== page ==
Queens Man is Sent to Prison for 25 Years for $413M Scam

For six years, between 2003 and 2009, Nicholas Cosmo ran a $413 million Ponzi scheme. He owned Agape World Incorporated and Agape Merchant Advance LLC and has just been ordered to spend the next 25 years in prison, according to Bloomberg and other sources. Richard Barry, a former vice president and underwriter at Agape World Incorporated, has also pleaded guilty to aiding in the Ponzi scheme and is up for sentencing on November 2, 2011. Agape is said to have had offices in Hauppauge on Long Island and in New York City’s Queen’s neighborhoods of Maspeth and Jackson Heights.

Federal prosecutors alleged that he hustled money from unsuspecting investors that went to make short term bridge loans. The money he generated from investors was far more than what he needed for the loans, according to the article. Naturally, he pocketed the rest to be used for his own personal use and benefit. In fact, only around $30 million, or less than 10%, of the $413 million was used for the bridge loans. The cases are U.S. v. Cosmo, 09-cr-00255 and U.S. v. Barry, 10-cr-00648, U.S. District Court, Eastern district of New York (Central Islip).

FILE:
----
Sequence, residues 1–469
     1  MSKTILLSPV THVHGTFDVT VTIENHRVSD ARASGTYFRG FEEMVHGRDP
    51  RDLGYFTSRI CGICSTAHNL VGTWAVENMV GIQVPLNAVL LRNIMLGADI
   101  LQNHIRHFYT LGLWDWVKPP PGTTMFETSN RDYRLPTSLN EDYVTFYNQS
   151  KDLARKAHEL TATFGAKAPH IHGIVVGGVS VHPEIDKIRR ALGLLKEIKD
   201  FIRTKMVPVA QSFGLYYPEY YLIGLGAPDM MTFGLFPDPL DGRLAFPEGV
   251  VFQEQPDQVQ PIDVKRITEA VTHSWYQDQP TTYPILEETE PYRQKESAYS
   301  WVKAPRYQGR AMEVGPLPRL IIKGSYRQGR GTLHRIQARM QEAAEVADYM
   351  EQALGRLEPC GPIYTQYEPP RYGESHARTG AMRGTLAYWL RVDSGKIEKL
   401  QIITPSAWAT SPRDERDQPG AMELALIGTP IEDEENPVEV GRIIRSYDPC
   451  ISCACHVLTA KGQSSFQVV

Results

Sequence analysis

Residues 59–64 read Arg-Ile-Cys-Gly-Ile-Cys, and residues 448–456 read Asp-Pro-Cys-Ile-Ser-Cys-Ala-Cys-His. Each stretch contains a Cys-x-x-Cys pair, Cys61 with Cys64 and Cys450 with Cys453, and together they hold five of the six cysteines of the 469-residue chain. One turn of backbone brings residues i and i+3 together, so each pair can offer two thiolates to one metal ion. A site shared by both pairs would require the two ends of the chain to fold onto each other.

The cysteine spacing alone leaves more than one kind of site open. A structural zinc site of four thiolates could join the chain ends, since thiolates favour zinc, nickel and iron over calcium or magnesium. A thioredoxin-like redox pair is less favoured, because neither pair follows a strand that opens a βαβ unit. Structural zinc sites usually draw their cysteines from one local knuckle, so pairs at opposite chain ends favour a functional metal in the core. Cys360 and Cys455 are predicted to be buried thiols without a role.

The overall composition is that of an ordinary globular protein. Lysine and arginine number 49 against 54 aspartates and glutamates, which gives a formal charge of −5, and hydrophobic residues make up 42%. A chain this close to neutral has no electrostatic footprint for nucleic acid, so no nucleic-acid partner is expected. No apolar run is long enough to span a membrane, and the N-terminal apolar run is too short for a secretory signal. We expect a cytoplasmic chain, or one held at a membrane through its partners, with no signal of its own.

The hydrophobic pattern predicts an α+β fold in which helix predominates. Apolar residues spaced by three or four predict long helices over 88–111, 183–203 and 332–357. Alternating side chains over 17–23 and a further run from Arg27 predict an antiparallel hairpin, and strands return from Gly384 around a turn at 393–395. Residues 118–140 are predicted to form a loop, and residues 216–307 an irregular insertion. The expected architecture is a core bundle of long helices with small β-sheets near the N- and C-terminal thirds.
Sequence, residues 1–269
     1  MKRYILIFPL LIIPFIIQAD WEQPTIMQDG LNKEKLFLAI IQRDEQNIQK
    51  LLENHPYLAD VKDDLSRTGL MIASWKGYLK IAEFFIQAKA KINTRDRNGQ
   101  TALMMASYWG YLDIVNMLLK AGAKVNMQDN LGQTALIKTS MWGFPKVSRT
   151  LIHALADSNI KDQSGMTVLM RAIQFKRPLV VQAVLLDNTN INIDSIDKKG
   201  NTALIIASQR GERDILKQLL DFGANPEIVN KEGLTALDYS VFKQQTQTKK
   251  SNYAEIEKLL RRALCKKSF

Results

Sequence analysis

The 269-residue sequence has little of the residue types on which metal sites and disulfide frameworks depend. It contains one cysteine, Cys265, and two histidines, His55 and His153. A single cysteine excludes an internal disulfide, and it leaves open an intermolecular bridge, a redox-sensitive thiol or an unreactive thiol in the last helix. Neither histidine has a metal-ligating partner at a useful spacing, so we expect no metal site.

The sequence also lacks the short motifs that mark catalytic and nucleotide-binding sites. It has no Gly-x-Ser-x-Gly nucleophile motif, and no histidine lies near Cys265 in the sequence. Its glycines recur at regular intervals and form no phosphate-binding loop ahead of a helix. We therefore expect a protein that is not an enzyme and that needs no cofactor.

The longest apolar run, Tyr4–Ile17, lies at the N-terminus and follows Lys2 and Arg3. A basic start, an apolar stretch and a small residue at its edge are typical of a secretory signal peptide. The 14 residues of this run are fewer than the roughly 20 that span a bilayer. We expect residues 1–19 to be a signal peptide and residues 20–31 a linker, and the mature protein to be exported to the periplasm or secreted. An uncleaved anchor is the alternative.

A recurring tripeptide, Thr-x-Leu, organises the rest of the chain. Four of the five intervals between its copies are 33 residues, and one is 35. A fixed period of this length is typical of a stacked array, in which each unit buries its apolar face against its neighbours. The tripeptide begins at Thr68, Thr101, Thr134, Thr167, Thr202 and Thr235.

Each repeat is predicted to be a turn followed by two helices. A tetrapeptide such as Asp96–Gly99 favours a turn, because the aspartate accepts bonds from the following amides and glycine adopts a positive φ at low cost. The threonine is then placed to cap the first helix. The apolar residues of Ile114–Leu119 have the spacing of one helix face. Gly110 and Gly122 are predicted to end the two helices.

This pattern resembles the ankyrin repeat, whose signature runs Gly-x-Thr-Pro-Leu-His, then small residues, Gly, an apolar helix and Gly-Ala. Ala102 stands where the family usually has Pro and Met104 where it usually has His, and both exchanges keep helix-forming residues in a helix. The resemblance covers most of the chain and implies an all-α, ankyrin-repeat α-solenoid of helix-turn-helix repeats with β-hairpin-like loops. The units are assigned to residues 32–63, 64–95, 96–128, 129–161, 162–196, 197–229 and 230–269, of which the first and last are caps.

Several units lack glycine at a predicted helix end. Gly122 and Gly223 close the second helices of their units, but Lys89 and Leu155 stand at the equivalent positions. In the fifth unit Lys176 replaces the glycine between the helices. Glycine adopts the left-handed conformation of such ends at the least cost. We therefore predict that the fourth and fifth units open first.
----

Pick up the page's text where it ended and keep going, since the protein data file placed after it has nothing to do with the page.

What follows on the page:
In a pronouncement that crime does not pay, the U.S. Attorney Loretta Lynch out of Brooklyn made it clear that “those who lie and steal from the investing public are on notice that they face severe penalties.” She went on to assess the testimony by saying, “as recounted today in court by several of his victims, the defendant’s actions crushed the hopes and dreams of everyday citizens.”

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